The University of Virginia researchers wrote that the data “provides compelling evidence that these symbols are associated with hate.”
We are waiting for spectacle and when the quotidian, yet incongruous actions occur I wonder whether there is any real payoff coming.
Hear from Holly Jean Buck, Carolina Caycedo and David de Rozas, Simon Denny, Elizabeth Hoover, Renee Kemp-Rotan, Joseph Kunkel, and more at this free public event.
Tanega’s approach to mark-making comes across as stream of consciousness, as if she’s engaged in a conversation with herself.
Starting Monday, readers can borrow one of 50 rare and out-of-print titles, mailed to them completely free of charge, from Saint Heron Library.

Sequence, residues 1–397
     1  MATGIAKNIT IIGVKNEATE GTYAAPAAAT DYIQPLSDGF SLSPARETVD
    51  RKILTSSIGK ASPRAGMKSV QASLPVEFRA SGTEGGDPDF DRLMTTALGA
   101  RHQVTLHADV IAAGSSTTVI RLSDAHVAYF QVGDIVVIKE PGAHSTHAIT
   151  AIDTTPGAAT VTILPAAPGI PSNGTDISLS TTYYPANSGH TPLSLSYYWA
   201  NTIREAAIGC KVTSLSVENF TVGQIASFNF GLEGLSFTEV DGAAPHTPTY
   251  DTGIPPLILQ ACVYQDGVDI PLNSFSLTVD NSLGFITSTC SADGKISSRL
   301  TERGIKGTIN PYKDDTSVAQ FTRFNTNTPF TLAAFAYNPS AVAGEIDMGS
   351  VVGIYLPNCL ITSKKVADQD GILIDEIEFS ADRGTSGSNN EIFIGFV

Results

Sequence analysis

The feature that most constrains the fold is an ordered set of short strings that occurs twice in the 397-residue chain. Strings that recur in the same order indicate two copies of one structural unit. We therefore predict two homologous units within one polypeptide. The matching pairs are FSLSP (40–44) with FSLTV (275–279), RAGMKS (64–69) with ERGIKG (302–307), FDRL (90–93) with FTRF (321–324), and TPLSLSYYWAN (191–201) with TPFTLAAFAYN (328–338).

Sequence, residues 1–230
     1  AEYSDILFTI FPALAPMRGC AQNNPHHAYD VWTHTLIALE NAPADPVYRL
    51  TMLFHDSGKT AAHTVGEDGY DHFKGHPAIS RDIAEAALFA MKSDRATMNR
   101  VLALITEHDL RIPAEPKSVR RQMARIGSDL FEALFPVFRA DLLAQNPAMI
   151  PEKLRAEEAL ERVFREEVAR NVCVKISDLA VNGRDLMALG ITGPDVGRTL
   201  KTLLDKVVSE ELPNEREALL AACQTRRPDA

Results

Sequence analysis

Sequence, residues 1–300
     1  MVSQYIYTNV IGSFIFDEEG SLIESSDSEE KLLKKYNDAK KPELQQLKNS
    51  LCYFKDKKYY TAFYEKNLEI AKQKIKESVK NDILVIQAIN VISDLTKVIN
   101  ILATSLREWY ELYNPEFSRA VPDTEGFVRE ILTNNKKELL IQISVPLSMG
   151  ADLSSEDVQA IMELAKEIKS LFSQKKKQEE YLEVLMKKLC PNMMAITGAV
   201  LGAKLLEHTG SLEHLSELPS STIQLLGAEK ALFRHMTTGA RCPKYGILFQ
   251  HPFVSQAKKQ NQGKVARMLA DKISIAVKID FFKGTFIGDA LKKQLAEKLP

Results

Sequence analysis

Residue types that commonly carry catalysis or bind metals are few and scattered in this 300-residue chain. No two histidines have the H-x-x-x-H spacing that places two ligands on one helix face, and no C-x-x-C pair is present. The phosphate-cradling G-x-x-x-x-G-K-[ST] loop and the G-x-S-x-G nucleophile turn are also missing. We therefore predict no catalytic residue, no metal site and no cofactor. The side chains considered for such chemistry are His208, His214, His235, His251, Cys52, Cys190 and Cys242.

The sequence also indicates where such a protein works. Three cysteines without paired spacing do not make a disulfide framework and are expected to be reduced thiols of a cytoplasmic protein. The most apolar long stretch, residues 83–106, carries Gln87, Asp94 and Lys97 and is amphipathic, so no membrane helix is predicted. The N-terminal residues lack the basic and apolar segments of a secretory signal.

EFA Open Studios offers a portal into the creative habitats of over 65 artists working in Manhattan’s longest-running studio program, including Dannielle Tegeder, Wafaa Bilal, Cui Fei, and Anina Major.
This is Yuskavage’s great gift, turning upside down our settled ways of thinking and seeing and, with ease, transforming the vulgar and ridiculous into the sublime.
51 international publishers and galleries showcase their latest editions in prints and artists’ books at this free public fair, which is fully online this year.
While hardly about the pandemic, or any of the other crises so afflicting us, all are invoked in this exhibition, which is also often tender and profoundly soulful.
These glowing, dynamic artworks reproduce something of Bosch’s chaotic energy, but on an immersive, multi-sensory scale.
This week, addressing a transphobic comedy special on Netflix, the story behind KKK hoods, cultural identity fraud, an anti-Semitic take on modern art, and more.